Several studies have been conducted so far to investigate the effect of zinc sulfate on cold disease, however most have been performed on adults. The results of most previous studies have indicated the positive effect of zinc sulfate on symptoms of cold. However, according to other studies, zinc sulfate has no effect on this disease. The difference in the results of various studies may be due to differences in methods, target populations, and dosage and formulation of Zinc sulfate used by the studies (15, 19).

Given the high prevalence and remarkable effects of common cold symptoms in children, finding a way to reduce the duration and severity of symptoms could be of great help to patients, their families, and the health system. Zinc sulfate has no side effects and is easily available. However, only a few studies have been conducted on the effects of this drug on cold in Iran.

2. Methods

2.1. Design

This double-blind randomized placebo-controlled trial (Zinc versus Placebo) was carried out using a repeated measures design.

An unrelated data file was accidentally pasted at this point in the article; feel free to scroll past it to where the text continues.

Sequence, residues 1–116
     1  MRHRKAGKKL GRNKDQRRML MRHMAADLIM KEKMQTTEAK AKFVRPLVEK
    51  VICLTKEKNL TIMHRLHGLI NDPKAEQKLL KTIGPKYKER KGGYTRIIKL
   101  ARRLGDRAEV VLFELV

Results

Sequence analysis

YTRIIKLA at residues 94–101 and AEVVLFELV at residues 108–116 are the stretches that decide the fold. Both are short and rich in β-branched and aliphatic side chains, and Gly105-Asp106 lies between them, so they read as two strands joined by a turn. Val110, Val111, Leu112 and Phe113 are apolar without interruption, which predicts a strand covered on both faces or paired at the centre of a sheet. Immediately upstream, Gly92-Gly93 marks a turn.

2.2. Setting and Participants

This study reviewed the files of patients with common cold, who had medical records at Golpaygani hospital in Qom, I.R. Iran, during year 2015. Using the convenient sampling method, from a total of 174 patients, 148 patients that met the inclusion criteria were invited to participate in the study. Consents were obtained from 131 patients, who were enrolled in the study (Figure 1). Using permuted block randomization method, the participants were randomly divided to the intervention group (66 patients, who received Zinc) and the control group (65 patients, who received the placebo of Zinc). Finally, after excluding the patients, who did not meet the criteria, the data was collected from 120 participants. The study was conducted over a period of 3 months (June 2015 to August 2015). Inclusion criteria were the followings: 1, being aged 4 to 8 years old and being affected by common colds along with rhinorrhea; 2, diagnosis of cold symptoms by a pediatrician; 3, not taking antibiotics; 4, parental consent to enroll the child in the study. Exclusion criteria during the intervention were the following: 1, being affected by a systemic disease or immunodeficiency problems; 2, taking immunosuppressive drugs; 3, being affected by a potential drug side effect; 4, worsening patient’s condition; 5, not referring for follow-up examinations; 7, refusal to continue participation in the study. The patients were followed up for two weeks through visits and examinations that were performed every 3 days until complete treatment. Finally, duration and symptoms of colds in both groups were compared with each other.